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  • The best part of your well thought out article is “Climbing is so outstanding because all of us – no matter what level we climb at – can have incredibly emotional experiences through climbing (whether scared shitless or lost in ecstasy)”. I would add that climbing is outstanding because no matter what “style” we choose to climb in, we are largely free to do so. And further: I don’t care what way you choose to practice your art, as long as it doesn’t infringe on mine. And as long as mine doesn’t infringe on yours………There’s always been ethics debates and there will continue to be. But there’s still plenty of free space out there to do things your own way and to fight for what’s yours. As T.S. Elliot said: “Teach me to Care and Not to Care”……It’s human nature to care deeply about things but we also don’t have control over everything and it’s hard to let go. I’ve climbed a long time and though the climbing style I like may be different from others, I’ve been able to continue on without any kind of prejudice. In short, caring in and of itself causes debate. Luckily what ever way you choose to climb is up to you. As Wannabe said up thread…….”My adventures were always going to be mine– regardless of what others do”. And unless someone tries to stop you, you are free to do so. So why worry about the rest of it?

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  • hello, im from switzerland and i dont really know how i ended up here.. anyways, my english isnt really so good so what im will say might have allready been said. First i wanted to say that i totally agree with you, i feel like the magic of the unknown is kind of gone, no shit they will free it if they try it 50 times in top rope mode and then try it, like you said i dont want to take credits away it is amazing what they are doing. secondly,and this is something that i am trying to workon is, this attitude that i feel is growing amongs climbing folks of how hard you climb is what counts. i feel like there are many people that will shape you as a person based on how hard someone climbs or what that person has accomplishe, this is what i think is beiing a problem it is my point of view i dont know about you guys.. third: i totally agree with the thingabout climbingcelebrities, like i dont know climber x sends his long proyect of 9b and literally like 5 mins later they poste it on every social media plattform, i dont know but i feel like in the end climbing wont be this adventure as you said, it wont be like the bigger the cliff the bigger the unknown. and my last point, i dont know what you think about this but i think ( and this might be offensive to some people even if it is not my intention), i think that a lot of these like really young kids that climb like 8c, like, they are kids and they are beiing pushed super hard and i dont know i feel like they are getting in this mode of , “it only matters how hard i climb” and i dont think thats the right way,and a lot of big brands support that. anyways, this is the first time i reply on something so it might be a bit confusing and again i dont want to be offensive towards anyone.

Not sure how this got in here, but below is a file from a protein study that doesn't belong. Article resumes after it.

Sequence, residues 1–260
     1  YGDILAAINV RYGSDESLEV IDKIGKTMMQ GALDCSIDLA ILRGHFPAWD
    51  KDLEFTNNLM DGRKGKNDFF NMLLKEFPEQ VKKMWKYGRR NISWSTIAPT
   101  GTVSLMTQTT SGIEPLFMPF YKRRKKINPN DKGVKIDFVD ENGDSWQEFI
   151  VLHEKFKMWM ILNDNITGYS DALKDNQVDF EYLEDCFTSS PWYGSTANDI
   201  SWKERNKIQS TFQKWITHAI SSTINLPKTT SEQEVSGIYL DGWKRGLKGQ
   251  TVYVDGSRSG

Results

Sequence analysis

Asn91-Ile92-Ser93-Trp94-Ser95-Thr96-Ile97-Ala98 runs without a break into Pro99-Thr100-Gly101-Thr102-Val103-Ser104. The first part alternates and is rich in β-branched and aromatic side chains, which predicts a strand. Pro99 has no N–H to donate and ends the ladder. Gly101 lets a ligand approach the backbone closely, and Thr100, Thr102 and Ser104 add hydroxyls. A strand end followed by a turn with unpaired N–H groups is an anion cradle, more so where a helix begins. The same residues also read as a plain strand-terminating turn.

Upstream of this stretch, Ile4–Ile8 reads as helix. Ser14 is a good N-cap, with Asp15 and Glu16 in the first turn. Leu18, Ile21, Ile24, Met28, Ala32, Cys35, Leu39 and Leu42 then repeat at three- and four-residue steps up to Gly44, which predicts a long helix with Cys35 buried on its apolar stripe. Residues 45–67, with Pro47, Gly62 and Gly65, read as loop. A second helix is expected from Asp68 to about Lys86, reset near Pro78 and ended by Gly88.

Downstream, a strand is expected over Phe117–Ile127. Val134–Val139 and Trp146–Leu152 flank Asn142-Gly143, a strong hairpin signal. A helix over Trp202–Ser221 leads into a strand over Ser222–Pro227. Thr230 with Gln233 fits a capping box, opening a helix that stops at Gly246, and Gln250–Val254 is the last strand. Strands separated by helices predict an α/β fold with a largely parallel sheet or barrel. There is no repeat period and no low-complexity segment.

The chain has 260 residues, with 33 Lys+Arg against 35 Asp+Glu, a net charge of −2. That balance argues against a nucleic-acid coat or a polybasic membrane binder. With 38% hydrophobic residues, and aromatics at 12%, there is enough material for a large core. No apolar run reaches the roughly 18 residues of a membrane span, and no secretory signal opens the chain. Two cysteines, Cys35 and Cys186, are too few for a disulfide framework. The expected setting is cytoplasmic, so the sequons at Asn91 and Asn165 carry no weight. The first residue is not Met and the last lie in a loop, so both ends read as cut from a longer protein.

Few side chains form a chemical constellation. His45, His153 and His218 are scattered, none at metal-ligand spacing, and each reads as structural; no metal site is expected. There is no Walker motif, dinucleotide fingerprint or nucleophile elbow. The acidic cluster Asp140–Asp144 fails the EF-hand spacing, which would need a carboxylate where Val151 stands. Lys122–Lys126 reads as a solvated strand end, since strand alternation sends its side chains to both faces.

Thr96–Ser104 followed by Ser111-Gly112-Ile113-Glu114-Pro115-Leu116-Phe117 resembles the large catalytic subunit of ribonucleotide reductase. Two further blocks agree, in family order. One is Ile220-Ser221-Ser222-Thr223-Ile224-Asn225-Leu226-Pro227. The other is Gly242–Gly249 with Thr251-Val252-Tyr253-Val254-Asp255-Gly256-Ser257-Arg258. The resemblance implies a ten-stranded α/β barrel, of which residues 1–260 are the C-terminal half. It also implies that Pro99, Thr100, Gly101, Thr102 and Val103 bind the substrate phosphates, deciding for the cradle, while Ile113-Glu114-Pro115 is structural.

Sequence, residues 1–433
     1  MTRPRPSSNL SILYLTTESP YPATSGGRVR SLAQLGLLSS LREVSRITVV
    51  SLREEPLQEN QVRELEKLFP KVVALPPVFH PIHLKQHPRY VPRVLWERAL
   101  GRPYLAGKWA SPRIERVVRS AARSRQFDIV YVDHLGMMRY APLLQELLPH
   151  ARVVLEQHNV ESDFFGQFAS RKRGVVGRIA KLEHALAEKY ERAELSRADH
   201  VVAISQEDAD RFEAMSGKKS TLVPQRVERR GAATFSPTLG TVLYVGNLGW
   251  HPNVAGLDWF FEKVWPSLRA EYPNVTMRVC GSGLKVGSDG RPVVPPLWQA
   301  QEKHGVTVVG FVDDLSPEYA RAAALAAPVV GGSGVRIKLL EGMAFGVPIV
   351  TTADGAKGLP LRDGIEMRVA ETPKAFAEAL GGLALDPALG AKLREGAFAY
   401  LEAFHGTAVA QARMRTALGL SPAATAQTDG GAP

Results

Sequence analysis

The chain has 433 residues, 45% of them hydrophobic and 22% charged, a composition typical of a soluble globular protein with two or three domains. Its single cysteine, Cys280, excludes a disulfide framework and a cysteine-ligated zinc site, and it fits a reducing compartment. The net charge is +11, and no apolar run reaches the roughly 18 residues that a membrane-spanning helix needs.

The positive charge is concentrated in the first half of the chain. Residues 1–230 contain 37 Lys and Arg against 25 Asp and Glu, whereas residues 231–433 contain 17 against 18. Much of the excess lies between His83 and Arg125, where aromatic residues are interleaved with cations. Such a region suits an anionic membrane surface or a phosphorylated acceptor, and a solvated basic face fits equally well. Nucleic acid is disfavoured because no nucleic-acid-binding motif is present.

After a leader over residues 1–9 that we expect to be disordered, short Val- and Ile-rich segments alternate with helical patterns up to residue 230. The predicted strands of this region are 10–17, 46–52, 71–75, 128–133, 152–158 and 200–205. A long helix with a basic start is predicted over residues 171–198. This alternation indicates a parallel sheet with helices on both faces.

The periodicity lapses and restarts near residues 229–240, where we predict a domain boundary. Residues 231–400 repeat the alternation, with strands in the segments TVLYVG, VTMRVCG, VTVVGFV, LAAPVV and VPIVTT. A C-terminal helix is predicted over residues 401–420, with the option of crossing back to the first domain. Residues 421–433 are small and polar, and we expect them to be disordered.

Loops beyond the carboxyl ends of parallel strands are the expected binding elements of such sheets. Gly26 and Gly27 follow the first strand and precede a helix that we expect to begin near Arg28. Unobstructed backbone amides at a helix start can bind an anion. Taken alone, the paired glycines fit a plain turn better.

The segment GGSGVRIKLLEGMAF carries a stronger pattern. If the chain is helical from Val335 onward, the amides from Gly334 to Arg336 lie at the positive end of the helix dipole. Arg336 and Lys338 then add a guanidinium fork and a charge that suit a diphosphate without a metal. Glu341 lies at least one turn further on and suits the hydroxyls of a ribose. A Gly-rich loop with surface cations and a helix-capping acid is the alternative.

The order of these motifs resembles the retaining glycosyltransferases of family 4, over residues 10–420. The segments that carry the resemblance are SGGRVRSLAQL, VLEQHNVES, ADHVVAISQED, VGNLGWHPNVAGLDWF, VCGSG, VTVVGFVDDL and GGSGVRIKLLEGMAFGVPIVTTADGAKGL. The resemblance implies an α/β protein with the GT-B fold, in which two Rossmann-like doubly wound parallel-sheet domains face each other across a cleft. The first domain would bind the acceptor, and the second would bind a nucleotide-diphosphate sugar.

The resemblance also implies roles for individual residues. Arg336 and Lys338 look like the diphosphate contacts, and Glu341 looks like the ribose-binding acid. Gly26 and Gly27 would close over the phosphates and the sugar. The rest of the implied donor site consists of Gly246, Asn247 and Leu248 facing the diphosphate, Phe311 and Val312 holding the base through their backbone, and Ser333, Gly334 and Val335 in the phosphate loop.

By the way, your blog awesome! 🙂

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    • Hi Jean P,
      Thank you for your thoughts, and for your compliments. Your english is excellent, and I think the points you made hit home very well. I also agree with your misgivings about the direction climbing is going in with sponsored kids. It’s a mixed bag, of course. Some parents are very supportive and appropriately hands-off regarding their child’s gift. Others, though, bring to mind evil olympics gymnast and figure skating stories about overzealous parenting/coaching line blurring. One thought, which many of the comments on this article also elicited: regardless of what happens to the sport of Climbing, as individuals, we have the freedom to climb, talk about climbing, and dream about climbing in precisely the way we want to. If the community moves further and further from the mountains, people like you and I will find the mountains less and less crowded… and that may not be so bad. 🙂

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  • andrew del debbio

    No point in looking backward. The sport must grow and progress, standing on the skeletons of the old guys to get higher and higher. Climbing is about exploring the absolute limit of human physical and mental capability. The one thing holding us back, then, is the rock itself. The rocks existed before we did, so have not been optimized to truly push us to the limits of what we can do. The next generation must use explosives to blow up El Capitan, and in its place construct a series of climbing walls scientifically optimized to truly test our limits. Cameras will be built into every inch of the wall; food will be pumped via 5,000 foot IV tubes into the climbers bodies; the environment will be climate controlled, elevators with furnished sleeping quarters and naked women will ascend with the climbers; remote technicians will monitor the metabolic activity of the climber’s bodies and adjust route difficulty accordingly. Only then will the sport reach its true zenith. Only then will we know how amazing human beings really are.

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  • I completely agree, impressive yes! but gives me a kinda weird uneasy feeling